Top 5 tips when taking photos of your dog

Alex Cearns is a leading pet and animal photographer from Houndstooth Studio based in Perth and is She photographs over 800 beloved pet dogs each year in her photo studio and on her global travels.

She lives with two dogs, Pip and Pixel, and it’s safe to say she is a crazy dog lady, with dogs being her favourite animals.

“To me, dogs are love and light. They are always joyous and give so much back to us”, she says.

Alex shares her top 5 dog photo tips to help you take fabulous pooch pics.

Fun and Frivolity

The simple key to relaxed and happy pooch pics is to create an environment where your pooch can be relaxed and happy. Making sure your dog feels safe and at ease is the key.

Just like people, some dogs are active in the mornings, while others prefer to be up and about in the afternoons. Choose your dog’s optimum activity time and use it to your photo taking advantage.

Toys and Treats

Once you decide which motivator your dog will be most responsive to, use that to get his attention. If you wave a treat under your dog’s nose then pull it upwards, chances are he will look up at you and you can use those precious seconds where he is focused on the treat, to get your shots. Likewise, if a squeaky toy or tennis ball is his thing you can hold it near him to get him interested in it and then snap away while he is intently waiting for you to throw it. Be sure to offer regular rewards, otherwise you may find your pooch’s attention starts to wane.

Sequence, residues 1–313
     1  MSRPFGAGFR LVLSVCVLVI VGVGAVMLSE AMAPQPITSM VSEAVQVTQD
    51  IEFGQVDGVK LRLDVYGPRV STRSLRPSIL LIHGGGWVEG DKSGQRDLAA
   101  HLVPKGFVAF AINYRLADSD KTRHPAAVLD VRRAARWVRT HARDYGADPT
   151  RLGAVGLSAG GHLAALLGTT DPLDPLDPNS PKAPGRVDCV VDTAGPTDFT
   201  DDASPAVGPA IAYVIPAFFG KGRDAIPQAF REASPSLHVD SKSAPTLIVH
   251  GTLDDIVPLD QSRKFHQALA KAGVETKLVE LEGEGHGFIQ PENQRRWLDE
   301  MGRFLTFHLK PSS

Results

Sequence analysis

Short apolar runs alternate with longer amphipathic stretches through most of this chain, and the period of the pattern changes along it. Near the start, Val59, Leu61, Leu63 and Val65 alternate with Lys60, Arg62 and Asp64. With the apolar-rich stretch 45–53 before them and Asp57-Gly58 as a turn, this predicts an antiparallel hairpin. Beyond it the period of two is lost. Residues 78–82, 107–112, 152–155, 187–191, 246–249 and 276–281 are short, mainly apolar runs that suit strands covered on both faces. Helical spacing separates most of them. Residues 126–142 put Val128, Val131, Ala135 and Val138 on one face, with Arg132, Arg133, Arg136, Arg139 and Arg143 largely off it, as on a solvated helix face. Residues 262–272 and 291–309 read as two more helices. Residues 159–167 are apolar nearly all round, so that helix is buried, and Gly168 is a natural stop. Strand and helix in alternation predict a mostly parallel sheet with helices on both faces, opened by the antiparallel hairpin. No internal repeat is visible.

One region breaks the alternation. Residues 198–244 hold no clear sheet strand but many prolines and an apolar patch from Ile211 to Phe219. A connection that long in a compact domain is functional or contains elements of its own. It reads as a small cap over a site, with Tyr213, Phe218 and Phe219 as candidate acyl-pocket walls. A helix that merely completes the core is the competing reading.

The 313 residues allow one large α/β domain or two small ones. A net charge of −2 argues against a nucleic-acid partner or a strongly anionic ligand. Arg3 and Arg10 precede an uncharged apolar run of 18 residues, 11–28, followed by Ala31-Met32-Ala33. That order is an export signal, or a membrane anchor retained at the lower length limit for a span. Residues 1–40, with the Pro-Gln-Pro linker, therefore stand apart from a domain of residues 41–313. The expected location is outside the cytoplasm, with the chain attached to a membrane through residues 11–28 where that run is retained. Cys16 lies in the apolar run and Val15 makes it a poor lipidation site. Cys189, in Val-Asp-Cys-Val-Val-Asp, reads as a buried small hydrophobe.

The camera loves a good looking pup!The camera loves a good looking pup!Source:Supplied

Timing and Anticipation

Once you see the shot, grab it as quickly as you can. This is something you will get faster at, the more you practice, and the development of digital cameras means you can take as many shots as you need to in order to get the photo you are after.

Be Patient

Patience was the first thing I had to learn when I started photographing animals and it’s a crucial

factor when taking portraits of your dog. Repeating movements and words calmly and gently creates a chilled atmosphere for your pet.

I like to think of patience in dog photography as a three step process:

1) Calmly wait until your pooch subject does what you want

2) Take a burst of images to get “the shot”

3) If you miss the right moment, go back to step 1 and repeat

Backgrounds are always a major part of a shoot.Backgrounds are always a major part of a shoot.Source:Supplied


Perspective and Backgrounds

Be creative and experiment with different perspectives, angles and vantage points.

There aren’t really any hard and fast composition rules with photography — sometimes the most interesting images are off centre or a bit quirky. Take a series of images while lying on the ground and shooting from their point and view, or consider taking photos directly at their eye level while they are sitting up, or shoot from above, pointing the camera straight down at them. You even zoom in for a close up nose shot, or detailed eye image. Be sure to check your background for objects beside or behind your subject. Chairs, people, rubbish bins, light posts, other dogs etc can all ‘photo bomb’ your subjects and are things you need to watch out for.

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